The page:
Environmental activist to receive 22nd Raoul Wallenberg Medal
DATE: 7:30 p.m. Tuesday, Oct. 23, 2012.
EVENT: Appalachian environmental activist Maria Gunnoe will be awarded the 22nd University of Michigan Wallenberg Medal. After the medal presentation, Gunnoe will give the Wallenberg Lecture, which is free and open to the public.
MEDIA: Reporters are invited to speak with Gunnoe the day before the lecture, or immediately following the event. Contact Wendy Ascione-Juska, email@example.com.
BACKGROUND: In 1996, Gunnoe, a lifelong resident of Bob White, Boone County, West Virginia, began her fight against environmentally devastating mountaintop removal coal mining and valley fill operations in Appalachia. Boone County is one of the most active mountaintop removal regions in the United States. To date the practice has destroyed an estimated 500 mountains and buried or polluted well over 2,000 miles of rivers and streams.
Gunnoe’s family came to Boone County in the early 1800s, when her ancestors escaped the forced removal of their Cherokee peoples from Georgia and settled safely in the fertile hollows of central Appalachia. She comes from a long line of coal miners, including her Cherokee grandfather, who in 1950 purchased the land where her home stands.
In 2000, a 1,200-acre mountaintop removal mine came to the ridge above Gunnoe’s home. Today her house sits directly below a 10-story valley fill that contains two toxic ponds of mine waste. Her property has flooded seven times since the mine opened. Most of her home was destroyed in a 2003 flood and her yard was covered in toxic coal sludge. Her well and ground water have been contaminated by mine waste, and her family now uses bottled water for cooking and drinking.
Gunnoe is an advocate for environmental and social justice. At great personal risk, she rallies communities that face the destruction of their natural environment, and works to educate and build citizen advocacy.
In May 2011, Gunnoe wrote on the blog ThinkProgress that neither the coal industry nor our politicians have kept their promises of prosperity to the people. “The people in these mountains are being exploited for the coal. I have seen all of the prosperity leave these Appalachian communities on coal trucks and coal trains, and what we have to show for it is polluted water in our wells and streams, depopulated communities, and sick people with inadequate health care…Today our mountain culture is under attack.”
In return for her passionate activism, mine managers have singled out Gunnoe as an enemy of mine workers and their jobs. She has received threats on her life and her children are frequently harassed at school. Her daughter’s dog was shot dead, wanted posters featuring her photo have appeared in local stores, and she has had to take serious measures to protect her family and property.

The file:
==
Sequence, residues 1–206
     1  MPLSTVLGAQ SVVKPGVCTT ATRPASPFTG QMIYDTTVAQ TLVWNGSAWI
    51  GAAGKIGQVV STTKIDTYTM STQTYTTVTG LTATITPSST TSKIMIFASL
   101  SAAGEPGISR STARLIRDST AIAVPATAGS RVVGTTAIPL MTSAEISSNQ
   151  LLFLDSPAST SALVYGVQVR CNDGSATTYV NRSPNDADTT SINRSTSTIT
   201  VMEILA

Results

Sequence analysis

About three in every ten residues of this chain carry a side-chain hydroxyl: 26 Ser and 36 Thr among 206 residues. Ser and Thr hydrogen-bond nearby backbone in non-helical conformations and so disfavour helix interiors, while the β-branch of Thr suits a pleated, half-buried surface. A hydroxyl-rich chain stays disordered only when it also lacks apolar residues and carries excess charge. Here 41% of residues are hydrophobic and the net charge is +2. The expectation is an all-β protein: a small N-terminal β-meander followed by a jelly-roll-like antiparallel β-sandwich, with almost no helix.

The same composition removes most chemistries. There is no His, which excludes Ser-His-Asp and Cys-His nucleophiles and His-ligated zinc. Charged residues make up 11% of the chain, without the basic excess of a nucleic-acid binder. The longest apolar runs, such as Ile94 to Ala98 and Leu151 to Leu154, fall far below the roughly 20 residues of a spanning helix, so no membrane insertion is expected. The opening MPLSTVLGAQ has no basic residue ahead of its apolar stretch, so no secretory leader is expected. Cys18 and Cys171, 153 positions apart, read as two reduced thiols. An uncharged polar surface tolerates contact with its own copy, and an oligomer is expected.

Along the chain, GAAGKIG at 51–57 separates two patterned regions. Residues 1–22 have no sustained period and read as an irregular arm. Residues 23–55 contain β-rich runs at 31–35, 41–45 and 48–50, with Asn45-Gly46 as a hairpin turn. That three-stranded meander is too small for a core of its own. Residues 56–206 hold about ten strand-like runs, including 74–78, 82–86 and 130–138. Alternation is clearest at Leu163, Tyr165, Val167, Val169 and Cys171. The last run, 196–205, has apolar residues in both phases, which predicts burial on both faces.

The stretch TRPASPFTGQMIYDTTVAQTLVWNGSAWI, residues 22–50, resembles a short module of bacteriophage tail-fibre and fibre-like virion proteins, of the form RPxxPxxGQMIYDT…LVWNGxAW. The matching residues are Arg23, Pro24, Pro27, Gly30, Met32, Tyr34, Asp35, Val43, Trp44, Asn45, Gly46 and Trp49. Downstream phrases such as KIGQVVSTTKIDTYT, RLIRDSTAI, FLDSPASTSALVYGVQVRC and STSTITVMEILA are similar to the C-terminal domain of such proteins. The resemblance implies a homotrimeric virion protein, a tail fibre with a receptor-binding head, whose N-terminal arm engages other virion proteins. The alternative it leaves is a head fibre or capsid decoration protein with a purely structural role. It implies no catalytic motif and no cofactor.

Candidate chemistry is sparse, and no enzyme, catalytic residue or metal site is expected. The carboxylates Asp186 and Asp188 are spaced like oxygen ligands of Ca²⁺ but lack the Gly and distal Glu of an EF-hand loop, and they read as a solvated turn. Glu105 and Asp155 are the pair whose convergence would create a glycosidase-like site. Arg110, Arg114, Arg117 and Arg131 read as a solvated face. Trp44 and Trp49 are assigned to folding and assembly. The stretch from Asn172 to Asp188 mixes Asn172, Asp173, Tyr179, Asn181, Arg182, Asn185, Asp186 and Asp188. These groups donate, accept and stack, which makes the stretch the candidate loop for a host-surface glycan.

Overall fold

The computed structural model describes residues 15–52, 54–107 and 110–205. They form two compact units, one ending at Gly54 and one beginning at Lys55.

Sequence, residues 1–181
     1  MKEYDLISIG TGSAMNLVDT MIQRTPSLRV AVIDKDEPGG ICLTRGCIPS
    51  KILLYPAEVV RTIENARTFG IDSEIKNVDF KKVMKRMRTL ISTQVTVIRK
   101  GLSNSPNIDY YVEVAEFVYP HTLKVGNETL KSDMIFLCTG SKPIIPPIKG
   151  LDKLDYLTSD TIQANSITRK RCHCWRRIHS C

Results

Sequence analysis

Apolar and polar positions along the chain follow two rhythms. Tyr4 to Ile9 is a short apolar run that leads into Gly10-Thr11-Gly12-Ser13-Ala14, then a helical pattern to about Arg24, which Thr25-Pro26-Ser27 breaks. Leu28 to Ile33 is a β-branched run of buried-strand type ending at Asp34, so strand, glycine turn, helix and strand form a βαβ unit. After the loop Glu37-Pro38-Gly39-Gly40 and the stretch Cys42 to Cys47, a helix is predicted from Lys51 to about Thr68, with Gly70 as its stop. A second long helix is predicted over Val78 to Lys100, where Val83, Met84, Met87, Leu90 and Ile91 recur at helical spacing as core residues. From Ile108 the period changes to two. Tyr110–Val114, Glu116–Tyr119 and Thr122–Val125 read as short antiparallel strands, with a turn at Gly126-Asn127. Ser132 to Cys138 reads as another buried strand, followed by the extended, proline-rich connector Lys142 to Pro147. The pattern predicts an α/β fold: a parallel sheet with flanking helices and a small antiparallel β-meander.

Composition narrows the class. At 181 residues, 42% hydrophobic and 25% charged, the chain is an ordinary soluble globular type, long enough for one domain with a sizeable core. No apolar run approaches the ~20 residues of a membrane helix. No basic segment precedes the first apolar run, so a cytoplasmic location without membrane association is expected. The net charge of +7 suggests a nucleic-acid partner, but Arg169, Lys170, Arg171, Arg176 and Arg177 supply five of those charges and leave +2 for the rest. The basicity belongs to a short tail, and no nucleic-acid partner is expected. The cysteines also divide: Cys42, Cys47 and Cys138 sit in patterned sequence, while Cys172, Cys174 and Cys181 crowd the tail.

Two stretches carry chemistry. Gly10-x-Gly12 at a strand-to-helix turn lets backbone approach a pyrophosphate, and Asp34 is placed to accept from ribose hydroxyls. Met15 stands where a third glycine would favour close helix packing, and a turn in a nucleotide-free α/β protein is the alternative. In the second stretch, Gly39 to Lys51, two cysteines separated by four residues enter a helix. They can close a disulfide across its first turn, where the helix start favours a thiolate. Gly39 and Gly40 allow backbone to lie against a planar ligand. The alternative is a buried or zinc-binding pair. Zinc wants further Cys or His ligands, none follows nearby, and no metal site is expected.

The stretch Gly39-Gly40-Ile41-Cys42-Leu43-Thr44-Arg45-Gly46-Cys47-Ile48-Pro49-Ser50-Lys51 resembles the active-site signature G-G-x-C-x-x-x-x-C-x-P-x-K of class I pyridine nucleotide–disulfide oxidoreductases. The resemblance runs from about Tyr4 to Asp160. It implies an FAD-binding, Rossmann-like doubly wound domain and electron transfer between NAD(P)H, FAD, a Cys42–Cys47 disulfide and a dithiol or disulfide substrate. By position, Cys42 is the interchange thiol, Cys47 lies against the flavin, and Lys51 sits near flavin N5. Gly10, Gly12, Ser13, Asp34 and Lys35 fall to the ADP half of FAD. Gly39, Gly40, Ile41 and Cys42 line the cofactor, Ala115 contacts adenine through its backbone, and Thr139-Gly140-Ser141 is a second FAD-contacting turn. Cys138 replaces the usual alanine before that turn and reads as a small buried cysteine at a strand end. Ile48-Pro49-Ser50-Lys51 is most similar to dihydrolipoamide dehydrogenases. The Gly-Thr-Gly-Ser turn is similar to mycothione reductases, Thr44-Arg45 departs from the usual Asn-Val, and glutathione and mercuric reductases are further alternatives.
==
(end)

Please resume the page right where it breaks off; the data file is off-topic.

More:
Gunnoe’s advocacy has led to closure of mines in the region and stricter regulations for the industry. In 2009, she won the prestigious Goldman Environmental Prize for her work.
PLACE: Rackham Auditorium, 915 E. Washington St., Ann Arbor. Central Campus map: http://www.music.umich.edu/about/facilities/directions.htm
WALLENBERG: This year marks the 100th anniversary of Raoul Wallenberg’s birth. A 1935 graduate of the University of Michigan College of Architecture, Swedish diplomat Wallenberg saved the lives of tens of thousands of Hungarian Jews near the end of World War II. Working in Budapest in the late 1930s, Wallenberg came into contact with many Jewish refugees from Europe. In 1944, at the request of Jewish organizations and the American War Refugee Board, the Swedish Foreign Ministry sent Wallenberg on a rescue mission to Budapest. Over the course of six months, Wallenberg issued thousands of protective passports. He confronted Hungarian and German guards to secure the release of Jews whom he claimed were under Swedish protection, placing some 15,000 Jews into thirty-one Safe Houses.
After reporting to Soviet headquarters in Budapest on Jan.17, 1945, Wallenberg vanished into the Soviet Gulag. Although the Russians claim that Wallenberg died in 1947, the results of numerous investigations into his whereabouts remain inconclusive.
U-M Sustainability fosters a more sustainable world through collaborations across campus and beyond aimed at educating students, generating new knowledge, and minimizing our environmental footprint. Learn more at sustainability.umich.edu.